We have found that if the process of our invention is carried out at these temperatures that the product is agglomerated due probably either to breakdown of the action of the suspending agent or to increase in solubility of the acid in the aqueous phase. The reaction of our invention may be carried out between 0°C and 50°C preferably between 5°C and 40°C.
The relative amounts of organic and aqueous phase is not narrowly critical. Sufficient aqueous phase should, however, be present to allow easy stirring and manipulation of the liquid and also to act as a heat sink for the heat of polymerisation of the reaction. The upper limit of amount of aqueous phase is governed by the cost of manipulating large volumes of liquids. Suitable proportions of organic and aqueous phases will be obvious to those skilled in the art.
The invention will now be illustrated but by no means limited to the following examples.
This Example illustrates the effect of using the special redox system in the absence of any inert salt and is therefore a comparative example.
An organic phase comprising methacrylic acid (86.1 g; 1 mole), divinyl benzene (0.025 moles), lauryl peroxide (2.5 g) and toluene (50 mls) was mixed with an aqueous phase comprising an aqueous solution of 1% poly vinyl alcohol in (400 mls) 0.5% "Teric 12A8 carboxylated" ("Teric 12A8 carboxylated" is a Registered Trade Mark for a concentrate of 8 mls of ethylene oxide condensed onto an alcohol having 12 carbon atoms and a carboxyl group).
The mixture was passed through a "Silverson" ("Silverson" is a Registered Trade Mark for a mixer) mixer to give a suspension of droplets of organic phase from 1 to 2 microns in diameter suspended in the aqueous phase.
A solution of 3 g ferrous chloride in 15 mls water was added dropwise to the stirred mixture over 20 minutes. The temperature of the solution rose from 23.2°C to 30.2°C. After 20 minutes the polymer produced was obtained as primary particles each about 1 micron in diameter. The primary particles were partially aggregated into small agglomerates which could not be completely dispersed by stirring at pH 12.
This example illustrates the effect of adding inert salt. An organic phase comprising methacrylic acid (80.2 mls), divinyl benzene (5 mls), lauryl peroxide (3 g) and toluene (50 mls) was mixed with an aqueous phase comprising 300 mls of 1% aqueous poly vinyl alcohol and 150 g of CaCl2.6H2 O (18% w/w CaCl2).
The mixture was passed through a "Silverson" mixer and suspended as droplets of organic phase 2-4 microns in diameter. A solution of 3 g ferrous chloride in 12 ml of water was added dropwise over 14 minutes. The temperature rose from 26.1°C initially to 45°C at the end of the additions.
The product comprised primary particles in the size range 1 to 5 microns diameter. The primary particles were in the form of small agglomerates of from 2-5 primary particles. The amount of aggregation was less than in Example 1. The yield of crosslinked polymer was 90.5% based on methacrylic acid. The polymer was suitable for use in the "Sirotherm" process.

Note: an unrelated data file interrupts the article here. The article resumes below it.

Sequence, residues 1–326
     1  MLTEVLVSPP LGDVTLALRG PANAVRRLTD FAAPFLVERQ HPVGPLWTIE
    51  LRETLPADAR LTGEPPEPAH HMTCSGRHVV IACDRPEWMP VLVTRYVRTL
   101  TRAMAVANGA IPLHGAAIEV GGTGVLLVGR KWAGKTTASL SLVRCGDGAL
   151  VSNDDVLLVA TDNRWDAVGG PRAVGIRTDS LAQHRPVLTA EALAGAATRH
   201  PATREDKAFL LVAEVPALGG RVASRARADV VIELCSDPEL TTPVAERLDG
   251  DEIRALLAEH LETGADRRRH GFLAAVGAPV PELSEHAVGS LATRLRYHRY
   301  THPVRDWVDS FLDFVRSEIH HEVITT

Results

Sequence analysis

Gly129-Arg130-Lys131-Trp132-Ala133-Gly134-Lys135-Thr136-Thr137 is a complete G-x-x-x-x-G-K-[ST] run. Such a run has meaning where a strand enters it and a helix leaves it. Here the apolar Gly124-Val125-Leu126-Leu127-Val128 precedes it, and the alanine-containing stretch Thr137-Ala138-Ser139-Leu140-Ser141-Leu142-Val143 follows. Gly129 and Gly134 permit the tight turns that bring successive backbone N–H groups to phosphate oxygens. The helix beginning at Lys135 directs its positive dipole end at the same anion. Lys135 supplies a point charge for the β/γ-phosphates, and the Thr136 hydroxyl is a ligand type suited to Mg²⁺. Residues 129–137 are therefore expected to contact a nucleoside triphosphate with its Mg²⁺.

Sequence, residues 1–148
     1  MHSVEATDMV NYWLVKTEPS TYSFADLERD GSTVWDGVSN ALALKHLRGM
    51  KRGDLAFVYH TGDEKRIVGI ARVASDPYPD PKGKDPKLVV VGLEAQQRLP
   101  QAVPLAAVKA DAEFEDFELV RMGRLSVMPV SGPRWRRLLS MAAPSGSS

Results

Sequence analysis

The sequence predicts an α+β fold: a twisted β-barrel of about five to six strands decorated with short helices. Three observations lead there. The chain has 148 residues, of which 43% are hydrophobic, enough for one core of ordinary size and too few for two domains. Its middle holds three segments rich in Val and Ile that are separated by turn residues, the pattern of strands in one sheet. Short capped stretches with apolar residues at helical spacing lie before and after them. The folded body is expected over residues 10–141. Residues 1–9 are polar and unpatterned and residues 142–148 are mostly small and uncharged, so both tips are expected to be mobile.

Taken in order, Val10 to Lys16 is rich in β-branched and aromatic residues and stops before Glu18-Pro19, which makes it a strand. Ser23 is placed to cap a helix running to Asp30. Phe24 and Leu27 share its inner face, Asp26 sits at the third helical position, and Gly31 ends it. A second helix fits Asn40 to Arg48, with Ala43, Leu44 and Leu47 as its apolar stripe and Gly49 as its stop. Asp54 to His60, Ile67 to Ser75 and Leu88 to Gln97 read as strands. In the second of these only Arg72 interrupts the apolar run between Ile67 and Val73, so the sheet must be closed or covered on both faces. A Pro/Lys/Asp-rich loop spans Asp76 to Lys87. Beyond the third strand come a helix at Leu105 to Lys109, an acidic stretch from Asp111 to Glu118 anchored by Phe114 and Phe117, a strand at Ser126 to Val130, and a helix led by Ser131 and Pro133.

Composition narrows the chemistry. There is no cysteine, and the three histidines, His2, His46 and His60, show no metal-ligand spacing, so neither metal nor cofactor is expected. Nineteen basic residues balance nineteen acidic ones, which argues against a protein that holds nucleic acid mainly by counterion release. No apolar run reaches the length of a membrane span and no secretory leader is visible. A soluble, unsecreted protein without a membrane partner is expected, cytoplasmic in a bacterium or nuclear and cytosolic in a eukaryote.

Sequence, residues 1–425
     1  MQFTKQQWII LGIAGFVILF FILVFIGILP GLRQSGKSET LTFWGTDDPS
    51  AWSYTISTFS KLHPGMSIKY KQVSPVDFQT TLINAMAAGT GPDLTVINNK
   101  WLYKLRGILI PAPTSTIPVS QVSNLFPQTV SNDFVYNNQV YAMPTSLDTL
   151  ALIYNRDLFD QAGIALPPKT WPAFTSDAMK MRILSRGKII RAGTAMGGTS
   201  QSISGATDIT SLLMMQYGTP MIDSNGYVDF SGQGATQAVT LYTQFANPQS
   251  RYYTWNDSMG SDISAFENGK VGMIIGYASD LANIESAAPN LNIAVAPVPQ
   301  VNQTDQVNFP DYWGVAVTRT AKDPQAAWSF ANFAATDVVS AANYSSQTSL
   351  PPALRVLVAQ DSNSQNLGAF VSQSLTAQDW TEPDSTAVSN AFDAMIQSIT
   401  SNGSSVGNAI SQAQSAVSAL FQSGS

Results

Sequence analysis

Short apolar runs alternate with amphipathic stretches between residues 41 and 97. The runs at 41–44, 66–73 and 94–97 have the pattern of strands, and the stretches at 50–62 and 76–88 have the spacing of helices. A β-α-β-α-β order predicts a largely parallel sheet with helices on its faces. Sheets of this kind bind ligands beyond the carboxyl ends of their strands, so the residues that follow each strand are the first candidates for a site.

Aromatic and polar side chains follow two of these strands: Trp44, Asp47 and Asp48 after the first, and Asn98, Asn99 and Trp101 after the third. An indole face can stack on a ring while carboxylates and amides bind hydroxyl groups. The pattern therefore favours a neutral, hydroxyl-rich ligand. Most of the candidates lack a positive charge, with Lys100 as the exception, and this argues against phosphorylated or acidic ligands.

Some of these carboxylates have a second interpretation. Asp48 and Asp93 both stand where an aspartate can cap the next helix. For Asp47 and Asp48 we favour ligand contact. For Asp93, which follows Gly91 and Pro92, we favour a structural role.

Examples 3 and 4 illustrate the deleterious affect of reduction of solvent when using 18% w/v calcium chloride solution.
An organic phase comprising methacrylic acid (85.5 g) divinyl benzene (5 mls) lauryl peroxide (3 g) and toluene) (17 ml) was mixed with an aqueous phase comprising 350 mls of aqueous 1% solution of polyvinyl alcohol and 70 g of anhydrous calcium chloride (18% w/v of aqueous phase). The mixture was degassed for 10 minutes with nitrogen and passed through a "Silverson" mixer to give a suspension of droplets of organic phase the bulk of which was about 1 micron in diameter although there was a minor proportion of droplets up to 5-10 microns in diameter.
A solution of ferrous chloride (3 g in 16 g water) was added dropwise over 17 minutes. The temperature was initially 29°C and rose to 49°C.
The product comprised primary particles aggregated into large agglomerates about 30 microns in diameter. These agglomerates were smaller than in Example 1 but larger than the agglomerates in Example 2.
Example 2 was repeated except that the toluene was omitted. The product comprised 1 micron primary particles aggregated into large agglomerates about 100 microns in diameter. The agglomerates could not be dispersed.
This Example illustrates the effect of having a higher aqueous phase: organic phase ratio, and of lowering the initial temperature in the absence of toluene.
An organic phase comprising methacrylic acid (86.5 g) divinyl benzene (5 ml) and lauryl peroxide (3 g) was mixed with an aqueous phase comprising 500 ml of 1% aqueous polyvinyl alcohol solvent and 100 g of anhydrous calcium chloride.
The mixture was passed through a "Silverson" mixer and the resulting suspension was cooled to 12°C prior to reaction. An aqueous solution of 3 g ferrous chloride in 15 ml water was added dropwise to the mixture with stirring. The temperature rose from 12°C to 30°C. The mixture was stirred for a further three hours, centrifuged. The product was stirred with one liter of water mixed with 100 mls of a 50% w/w caustic soda and appeared to be almost completely unagglomerated. The primary particles were about 1 micron in diameter.